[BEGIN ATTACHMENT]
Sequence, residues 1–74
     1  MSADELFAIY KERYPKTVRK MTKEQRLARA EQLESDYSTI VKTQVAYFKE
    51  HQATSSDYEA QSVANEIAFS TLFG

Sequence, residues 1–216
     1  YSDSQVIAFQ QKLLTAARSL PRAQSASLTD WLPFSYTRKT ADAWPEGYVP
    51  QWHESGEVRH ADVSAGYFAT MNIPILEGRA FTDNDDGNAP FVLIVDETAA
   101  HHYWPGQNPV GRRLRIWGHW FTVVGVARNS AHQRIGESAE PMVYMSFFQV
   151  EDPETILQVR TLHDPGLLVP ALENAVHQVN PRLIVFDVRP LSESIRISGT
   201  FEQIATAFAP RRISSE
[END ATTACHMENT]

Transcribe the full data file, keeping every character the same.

Sequence, residues 1–74
     1  MSADELFAIY KERYPKTVRK MTKEQRLARA EQLESDYSTI VKTQVAYFKE
    51  HQATSSDYEA QSVANEIAFS TLFG

Sequence, residues 1–216
     1  YSDSQVIAFQ QKLLTAARSL PRAQSASLTD WLPFSYTRKT ADAWPEGYVP
    51  QWHESGEVRH ADVSAGYFAT MNIPILEGRA FTDNDDGNAP FVLIVDETAA
   101  HHYWPGQNPV GRRLRIWGHW FTVVGVARNS AHQRIGESAE PMVYMSFFQV
   151  EDPETILQVR TLHDPGLLVP ALENAVHQVN PRLIVFDVRP LSESIRISGT
   201  FEQIATAFAP RRISSE